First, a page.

The 10-minute rule

Brain scientist John Medina wrote the bestseller Brain Rules: 12 Principles for Surviving and Thriving at Work, Home, and School (2008). The book described 12 rules which we can use to organize our work and life in ways that fit the way our brains work. A rule which interested me and which I remember clearly (I read the book in 2008) is rule 4: "We don't pay attention to boring things" en in particular one aspect of that rule which is the 10-minute rule.

John Medina writes that most people, when they listen to a presentation, lose their interest after roughly 10 minutes. He writes that this is a finding in peer reviewed research but also that it is unclear why the 10 minute limit is important and what precisely happens in the brain after those 10 minutes. What does this mean for situations in which you have to give a longer talk for an audience? According to Medina you must do something emotionally relevant at each 10-minute mark to regain attention. He calls this a hook. An example of such a hook might be a cartoon which makes the audience laugh.

Around the same time I read the book (in 2008) we were doing a large scale evaluation of our training courses. We tried to find out which parts of our training courses had been most useful to our participants. To our surprise a very clear picture emerged: all parts which directly involved practicing came our on top of the list of useful parts of our training courses. A part which came out practically at the bottom of the list were our powerpoint presentations.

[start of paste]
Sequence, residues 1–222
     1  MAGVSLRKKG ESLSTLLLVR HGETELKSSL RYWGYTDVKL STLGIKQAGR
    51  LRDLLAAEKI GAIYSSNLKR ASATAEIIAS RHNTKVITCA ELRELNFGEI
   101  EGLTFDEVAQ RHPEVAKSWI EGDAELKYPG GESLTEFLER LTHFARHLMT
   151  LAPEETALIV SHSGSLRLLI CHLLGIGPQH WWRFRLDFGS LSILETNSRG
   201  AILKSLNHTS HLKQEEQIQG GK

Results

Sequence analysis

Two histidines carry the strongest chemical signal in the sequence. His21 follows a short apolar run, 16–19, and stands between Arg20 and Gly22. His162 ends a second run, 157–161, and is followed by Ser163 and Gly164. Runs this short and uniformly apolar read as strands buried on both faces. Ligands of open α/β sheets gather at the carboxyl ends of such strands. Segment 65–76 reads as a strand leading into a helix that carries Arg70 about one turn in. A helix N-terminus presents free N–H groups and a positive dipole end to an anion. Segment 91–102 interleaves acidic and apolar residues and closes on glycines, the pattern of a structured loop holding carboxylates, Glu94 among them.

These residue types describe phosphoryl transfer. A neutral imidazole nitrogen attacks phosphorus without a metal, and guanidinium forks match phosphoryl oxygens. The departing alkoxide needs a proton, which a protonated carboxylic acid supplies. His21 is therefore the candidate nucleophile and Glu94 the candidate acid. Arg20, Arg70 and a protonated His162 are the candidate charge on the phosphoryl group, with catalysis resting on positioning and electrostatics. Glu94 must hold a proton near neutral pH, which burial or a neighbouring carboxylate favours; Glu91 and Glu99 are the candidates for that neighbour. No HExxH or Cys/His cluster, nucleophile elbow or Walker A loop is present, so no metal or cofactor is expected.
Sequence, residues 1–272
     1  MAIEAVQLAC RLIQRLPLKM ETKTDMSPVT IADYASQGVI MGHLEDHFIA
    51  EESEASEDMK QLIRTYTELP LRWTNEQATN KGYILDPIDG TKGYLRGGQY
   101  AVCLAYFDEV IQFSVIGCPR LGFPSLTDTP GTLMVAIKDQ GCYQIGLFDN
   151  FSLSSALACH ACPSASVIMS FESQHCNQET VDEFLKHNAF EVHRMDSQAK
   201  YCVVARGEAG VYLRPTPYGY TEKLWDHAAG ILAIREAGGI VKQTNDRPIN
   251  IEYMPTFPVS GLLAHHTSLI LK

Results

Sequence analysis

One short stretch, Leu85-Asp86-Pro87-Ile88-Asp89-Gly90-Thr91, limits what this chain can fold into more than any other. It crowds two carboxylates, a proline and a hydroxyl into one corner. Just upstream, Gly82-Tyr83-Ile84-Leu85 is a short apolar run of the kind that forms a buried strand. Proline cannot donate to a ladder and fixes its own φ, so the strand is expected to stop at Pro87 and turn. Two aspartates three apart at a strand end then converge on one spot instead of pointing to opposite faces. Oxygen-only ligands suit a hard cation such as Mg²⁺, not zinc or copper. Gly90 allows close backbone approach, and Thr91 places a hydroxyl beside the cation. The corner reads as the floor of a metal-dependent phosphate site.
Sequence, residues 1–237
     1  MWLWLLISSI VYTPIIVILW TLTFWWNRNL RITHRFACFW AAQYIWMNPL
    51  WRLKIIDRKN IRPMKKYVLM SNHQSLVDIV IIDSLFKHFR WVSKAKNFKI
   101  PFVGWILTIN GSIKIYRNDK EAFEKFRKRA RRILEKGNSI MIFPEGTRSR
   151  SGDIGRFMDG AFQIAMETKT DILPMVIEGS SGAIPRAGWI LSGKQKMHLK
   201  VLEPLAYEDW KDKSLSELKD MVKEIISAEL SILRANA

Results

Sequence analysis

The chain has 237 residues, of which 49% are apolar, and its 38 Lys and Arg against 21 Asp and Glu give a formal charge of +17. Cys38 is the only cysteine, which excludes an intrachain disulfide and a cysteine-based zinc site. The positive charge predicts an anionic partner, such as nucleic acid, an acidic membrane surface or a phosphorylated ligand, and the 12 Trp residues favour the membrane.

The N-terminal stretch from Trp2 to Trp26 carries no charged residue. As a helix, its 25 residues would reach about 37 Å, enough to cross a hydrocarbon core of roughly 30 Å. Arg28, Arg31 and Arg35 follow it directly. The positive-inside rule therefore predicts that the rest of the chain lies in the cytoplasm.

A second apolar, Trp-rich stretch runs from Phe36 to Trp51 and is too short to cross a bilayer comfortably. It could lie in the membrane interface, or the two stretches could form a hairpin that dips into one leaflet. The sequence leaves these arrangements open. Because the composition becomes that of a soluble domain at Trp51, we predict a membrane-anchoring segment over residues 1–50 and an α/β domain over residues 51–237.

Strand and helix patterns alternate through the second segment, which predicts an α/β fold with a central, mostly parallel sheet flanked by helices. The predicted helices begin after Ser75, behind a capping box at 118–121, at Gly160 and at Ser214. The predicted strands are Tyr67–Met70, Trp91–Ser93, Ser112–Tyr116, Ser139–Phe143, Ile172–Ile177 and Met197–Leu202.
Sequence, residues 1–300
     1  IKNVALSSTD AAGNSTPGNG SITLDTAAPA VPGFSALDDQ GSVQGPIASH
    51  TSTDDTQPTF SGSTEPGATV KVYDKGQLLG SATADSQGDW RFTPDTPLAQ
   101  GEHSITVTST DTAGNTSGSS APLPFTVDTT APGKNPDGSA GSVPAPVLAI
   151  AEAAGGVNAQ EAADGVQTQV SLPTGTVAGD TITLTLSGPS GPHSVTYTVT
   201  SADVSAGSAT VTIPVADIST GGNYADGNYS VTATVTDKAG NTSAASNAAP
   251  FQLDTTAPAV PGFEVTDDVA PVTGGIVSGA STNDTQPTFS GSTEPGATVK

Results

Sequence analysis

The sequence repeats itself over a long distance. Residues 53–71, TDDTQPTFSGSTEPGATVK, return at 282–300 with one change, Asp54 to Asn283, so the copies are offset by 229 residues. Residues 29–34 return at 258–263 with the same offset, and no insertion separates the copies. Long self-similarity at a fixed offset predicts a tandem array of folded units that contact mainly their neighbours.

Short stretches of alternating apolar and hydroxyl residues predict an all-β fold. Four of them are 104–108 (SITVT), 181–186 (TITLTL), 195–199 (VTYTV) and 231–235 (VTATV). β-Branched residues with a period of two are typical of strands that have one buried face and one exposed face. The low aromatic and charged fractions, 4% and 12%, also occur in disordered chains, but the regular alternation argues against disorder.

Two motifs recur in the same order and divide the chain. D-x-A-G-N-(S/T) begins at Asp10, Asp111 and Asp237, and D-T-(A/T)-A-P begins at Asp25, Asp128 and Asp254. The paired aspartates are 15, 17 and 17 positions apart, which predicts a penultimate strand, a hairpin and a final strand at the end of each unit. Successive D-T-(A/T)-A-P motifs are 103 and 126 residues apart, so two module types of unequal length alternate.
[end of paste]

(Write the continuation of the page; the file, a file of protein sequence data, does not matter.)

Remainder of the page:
It had been our habit to start off our courses with presentation which lasted 30 to 45 minutes with the purpose of giving our participants some background of what we were going to do that day. I had noticed that occasionally some participants seemed to lose their attention a bit after 10 to 15 minutes but we usually carried on bravely when that happened. I had not expected these results of our evaluation study. We changed our approach a great deal since then. We practically never do powerpoint presentations anymore and put a strong emphasis on practicing. Furthermore we have started to pay much attention to the 10-minute rule.

Although we are sometimes tempted to carry on talking endlessly when the topic is interesting ... we don't! We try to limit ourselves to John Medina's 10-minute time span. After that, there will be some sort of switch. Usually, this switch will mean that participants will start with the next exercise.

It seems to work fine!